Embankments are a part of the flood defence strategy that calls for reducing the probability of floods through infrastructure works. There are alternative materials like geotube embankments and structural options such as boulder spurs which are firmer than embankments but costly. To prevent floods, several nature-based bioengineering measures are also being implemented which use living plant materials to create fencing structures at the river bank. 

However, floods in Bihar are a natural phenomenon that cannot be prevented but at the same time, they need not turn into a disaster. For this, the state needs to have a flood risk protection and mitigation strategy to reduce the consequences of floods by lowering the exposure of people to floods and enhancing flood-resilience of the vulnerable areas.

Along with this, the state needs to improve its flood preparedness -

  • By upgrading its flood forecasting, which should be location-specific, sufficiently in advance, in simple language and should reach the vulnerable people; 
  • Providing accurate rainfall information specific to sub-basins; 
  • Prepare a functional disaster management plan with the involvement of vulnerable people;
  • Assessing the flood-carrying capacity of rivers at various locations;
  • Preparing inundation maps of various flow regimes and devising emergency action plans based on such flow regimes;
  • Improved evacuation plan;
  • Flood-proof housing;
  • More relief camps so that people are not left homeless and they do not resort to highways or embankments for safety; and
  • Post-floods, devising a flood analysis report of the disaster that struck and how it was tackled.

Also, there is a need for a better post-flood recovery strategy in terms of speedy reconstruction, compensation and insurance. 

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People’s voices

Breach of embankments causes floods, waterlogging and disrupts the life of the people living in flood-prone regions. The implications of embankment-induced floods are quite known but it is imperative to understand the plight of the people and what kind of support they receive from the government during the flood season.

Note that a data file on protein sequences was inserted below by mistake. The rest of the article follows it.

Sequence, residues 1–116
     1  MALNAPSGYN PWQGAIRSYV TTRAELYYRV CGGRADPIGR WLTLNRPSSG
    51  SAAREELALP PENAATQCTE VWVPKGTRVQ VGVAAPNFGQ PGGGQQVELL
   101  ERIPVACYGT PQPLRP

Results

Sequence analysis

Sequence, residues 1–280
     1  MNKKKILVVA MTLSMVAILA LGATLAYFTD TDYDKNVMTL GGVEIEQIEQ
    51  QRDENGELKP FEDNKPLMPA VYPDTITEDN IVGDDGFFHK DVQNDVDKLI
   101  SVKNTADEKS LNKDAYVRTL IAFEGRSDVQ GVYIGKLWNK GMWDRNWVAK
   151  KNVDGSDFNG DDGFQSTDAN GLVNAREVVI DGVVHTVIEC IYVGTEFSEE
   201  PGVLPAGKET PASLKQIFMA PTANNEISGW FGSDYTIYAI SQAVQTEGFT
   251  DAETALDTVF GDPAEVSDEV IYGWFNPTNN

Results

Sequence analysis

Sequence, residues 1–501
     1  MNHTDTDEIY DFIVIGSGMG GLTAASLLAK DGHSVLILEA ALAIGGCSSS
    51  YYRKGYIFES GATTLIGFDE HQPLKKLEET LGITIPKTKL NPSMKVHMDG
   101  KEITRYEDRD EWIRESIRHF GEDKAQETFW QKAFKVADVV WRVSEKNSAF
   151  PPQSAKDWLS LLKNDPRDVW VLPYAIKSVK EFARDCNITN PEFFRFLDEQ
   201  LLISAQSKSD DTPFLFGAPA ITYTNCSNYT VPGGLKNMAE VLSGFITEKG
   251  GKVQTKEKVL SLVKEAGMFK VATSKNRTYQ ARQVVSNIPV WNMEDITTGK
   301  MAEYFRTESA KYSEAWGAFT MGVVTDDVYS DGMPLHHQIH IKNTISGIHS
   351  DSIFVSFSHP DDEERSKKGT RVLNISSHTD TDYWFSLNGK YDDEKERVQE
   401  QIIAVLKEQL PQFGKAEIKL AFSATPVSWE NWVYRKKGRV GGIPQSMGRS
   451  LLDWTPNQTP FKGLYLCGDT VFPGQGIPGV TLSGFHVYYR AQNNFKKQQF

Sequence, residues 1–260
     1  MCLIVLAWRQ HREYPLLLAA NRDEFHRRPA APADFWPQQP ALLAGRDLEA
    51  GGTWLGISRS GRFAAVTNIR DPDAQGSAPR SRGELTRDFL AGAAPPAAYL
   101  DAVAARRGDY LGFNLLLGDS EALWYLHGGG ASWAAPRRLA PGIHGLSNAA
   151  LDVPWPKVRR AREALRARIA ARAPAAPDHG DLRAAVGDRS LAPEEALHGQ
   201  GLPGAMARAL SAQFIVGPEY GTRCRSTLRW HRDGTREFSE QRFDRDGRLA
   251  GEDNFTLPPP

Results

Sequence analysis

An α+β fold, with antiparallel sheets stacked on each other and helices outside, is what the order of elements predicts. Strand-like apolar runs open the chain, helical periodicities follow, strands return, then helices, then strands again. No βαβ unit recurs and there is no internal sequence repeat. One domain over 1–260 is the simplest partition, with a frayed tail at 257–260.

*This section based on interaction with people from flood-prone areas of Bihar informs us of how much needs to be done to deal with the annual apathy. 

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During which time of the year, do you experience floods and how does it affect you?

We receive floods between July and September with the advent of the monsoon season. Floods cause heavy damage to crops. Moreover, when the floodwater inundates our houses, it spoils the grains and causes a shortage of food and water, so we have to take refuge either in relief camps or on embankments for several days. We can return to our derelict houses only after the floodwater recedes and to make the houses liveable, we need to spend money which adds to our financial woes.

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In the last few years, do you see any government initiatives being taken to tackle the floods in the region?

No major initiative has been taken to prevent floods lately. Every year the government takes up work to strengthen the embankments before the advent of the monsoon season. Other than this, no major scheme has been launched in the last few years.

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What measures do you take to stay safe during the floods when your houses are submerged underwater?

During floods, we take two precautionary measures. First of all, we keep wooden chowkis as the essential household item and whenever the floodwater enters the house, we put all the necessary items on the chowki and stay on it to keep ourselves safe. If we feel that the floodwaters may rise further in the coming days, we leave the house and settle in the tarpaulins along the banks of the nearby embankment. While leaving the house, we are unable to take all the household items, but we carry food grains, clothes and utensils for cooking.